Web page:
A few years ago, I heard of a European family that paid nearly 500,000 Euros for their kid to race karts with a top-level Euro team.  I don't know the details of that contract but let's assume that it included 20 testing and 20 race weekends.  Based on the numbers I know, this number is comprehensible and not totally outlandish, and even a necessary level of kart racing to try and stay even or ahead of other Euro-based racing kids who tend to test and re-test much, much more than Americans back in the States.  

Mind you that this 500,000 Euros does not include any travel or incidental expenses, but it was an Italian driver teamed up with an Italian karting team so their travel expenses are already minimal.  It would be similar to my family living in Texas and working with a local Texas team.   Then staying, nearly, inside the state of Texas to race.   

Now, let's extrapolate that same scenario to an American driver and see how it works: 

  • Add $125,000 for currency exchange,
  • Add $125,000 for all the international travel and lodging, not only for the driver but the parents, guardians and handlers as well,  
  • So, we are already 50% higher in costs for an American and we have even not factored in the huge disruption factor below.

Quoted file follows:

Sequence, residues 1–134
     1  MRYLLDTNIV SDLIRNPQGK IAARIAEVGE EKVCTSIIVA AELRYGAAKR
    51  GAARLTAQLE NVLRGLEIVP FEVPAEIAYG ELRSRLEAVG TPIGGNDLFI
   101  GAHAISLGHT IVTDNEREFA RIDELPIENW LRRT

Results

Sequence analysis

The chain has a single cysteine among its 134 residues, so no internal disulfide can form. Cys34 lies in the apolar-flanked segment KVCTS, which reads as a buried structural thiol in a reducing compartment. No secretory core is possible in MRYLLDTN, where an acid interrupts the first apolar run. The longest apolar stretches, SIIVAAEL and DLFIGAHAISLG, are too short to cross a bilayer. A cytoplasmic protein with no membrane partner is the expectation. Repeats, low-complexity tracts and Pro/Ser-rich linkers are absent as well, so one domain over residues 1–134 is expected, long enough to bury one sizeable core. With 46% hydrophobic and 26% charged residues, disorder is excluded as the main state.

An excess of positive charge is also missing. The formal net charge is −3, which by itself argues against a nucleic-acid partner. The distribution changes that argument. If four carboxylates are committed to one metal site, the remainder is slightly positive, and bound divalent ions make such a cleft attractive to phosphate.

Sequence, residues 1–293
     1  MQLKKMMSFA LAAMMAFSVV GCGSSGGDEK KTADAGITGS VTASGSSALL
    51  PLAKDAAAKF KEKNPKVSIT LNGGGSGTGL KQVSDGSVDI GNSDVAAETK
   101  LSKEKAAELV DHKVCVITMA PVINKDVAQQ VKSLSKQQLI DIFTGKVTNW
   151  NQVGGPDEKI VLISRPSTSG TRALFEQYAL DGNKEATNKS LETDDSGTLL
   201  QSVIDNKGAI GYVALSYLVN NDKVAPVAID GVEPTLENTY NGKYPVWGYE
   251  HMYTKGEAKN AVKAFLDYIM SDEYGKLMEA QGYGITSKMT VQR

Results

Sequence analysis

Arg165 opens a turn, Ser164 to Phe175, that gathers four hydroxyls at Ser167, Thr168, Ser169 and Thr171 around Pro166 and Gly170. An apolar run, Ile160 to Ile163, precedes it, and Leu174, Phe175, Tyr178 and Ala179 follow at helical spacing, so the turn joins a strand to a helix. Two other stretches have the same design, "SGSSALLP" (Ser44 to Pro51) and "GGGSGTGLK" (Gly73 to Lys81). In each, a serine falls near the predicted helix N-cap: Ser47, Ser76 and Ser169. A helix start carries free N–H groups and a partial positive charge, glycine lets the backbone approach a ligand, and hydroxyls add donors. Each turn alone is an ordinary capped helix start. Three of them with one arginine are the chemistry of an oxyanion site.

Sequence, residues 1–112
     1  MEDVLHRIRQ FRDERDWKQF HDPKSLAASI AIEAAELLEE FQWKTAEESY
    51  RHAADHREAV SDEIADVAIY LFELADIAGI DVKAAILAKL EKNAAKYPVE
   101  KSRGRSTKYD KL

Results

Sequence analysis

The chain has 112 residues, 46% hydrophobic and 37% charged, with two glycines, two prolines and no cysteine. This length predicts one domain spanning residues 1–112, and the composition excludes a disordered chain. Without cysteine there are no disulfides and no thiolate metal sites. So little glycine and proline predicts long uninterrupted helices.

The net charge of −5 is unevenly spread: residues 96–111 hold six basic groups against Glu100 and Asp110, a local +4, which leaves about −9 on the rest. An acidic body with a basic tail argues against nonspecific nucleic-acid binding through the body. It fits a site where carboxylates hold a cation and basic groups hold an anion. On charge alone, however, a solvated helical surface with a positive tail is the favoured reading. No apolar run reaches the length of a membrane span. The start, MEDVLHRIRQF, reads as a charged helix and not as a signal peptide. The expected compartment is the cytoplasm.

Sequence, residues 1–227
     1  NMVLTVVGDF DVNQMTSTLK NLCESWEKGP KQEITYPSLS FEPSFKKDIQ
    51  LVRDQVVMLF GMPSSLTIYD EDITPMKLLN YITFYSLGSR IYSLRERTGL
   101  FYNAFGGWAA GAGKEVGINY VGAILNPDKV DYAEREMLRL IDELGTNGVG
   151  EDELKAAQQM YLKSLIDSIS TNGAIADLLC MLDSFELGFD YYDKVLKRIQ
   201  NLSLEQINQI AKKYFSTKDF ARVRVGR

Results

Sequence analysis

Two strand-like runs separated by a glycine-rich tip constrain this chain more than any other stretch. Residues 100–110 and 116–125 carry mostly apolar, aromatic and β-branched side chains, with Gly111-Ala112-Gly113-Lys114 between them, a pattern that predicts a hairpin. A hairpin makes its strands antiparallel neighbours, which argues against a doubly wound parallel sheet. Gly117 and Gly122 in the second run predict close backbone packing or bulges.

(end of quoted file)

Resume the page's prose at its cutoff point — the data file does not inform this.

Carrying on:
What is this disruption factor?  As mentioned, we are from Texas.  It takes us a day, or more, to travel to any track in Europe that we might race at, not to mention jet lag and dealing with travel delays.  If we were from Europe, travel would be much, much easier and less costly with less disruption to our life. That is the easy to diagnose disruption factor.  Let me explain some more aspects that are less well known.  

When we started racing, I once was told by a father who formerly raced with his kid with a racing budget of, say, $100,000 a year, that it was costing him over a $1,000,000 a year in lost business as part of his working upper-class life in America.  In other words, he could make an extra $1,000,000 a year by minding to his business instead of minding to his kid's a $100,000 racing program (mind you, I am talking about the working upper class, not the non-working uber wealthy classes whose lives are not disrupted as much).   

Not a scientific fact by any means, but after six years of racing with my son I can attest to some sort of similar logic.  The same might be said for racing by Europeans, but as Americans we have to travel farther in our own country, and the disruption extrapolation is so much larger when we race in Europe.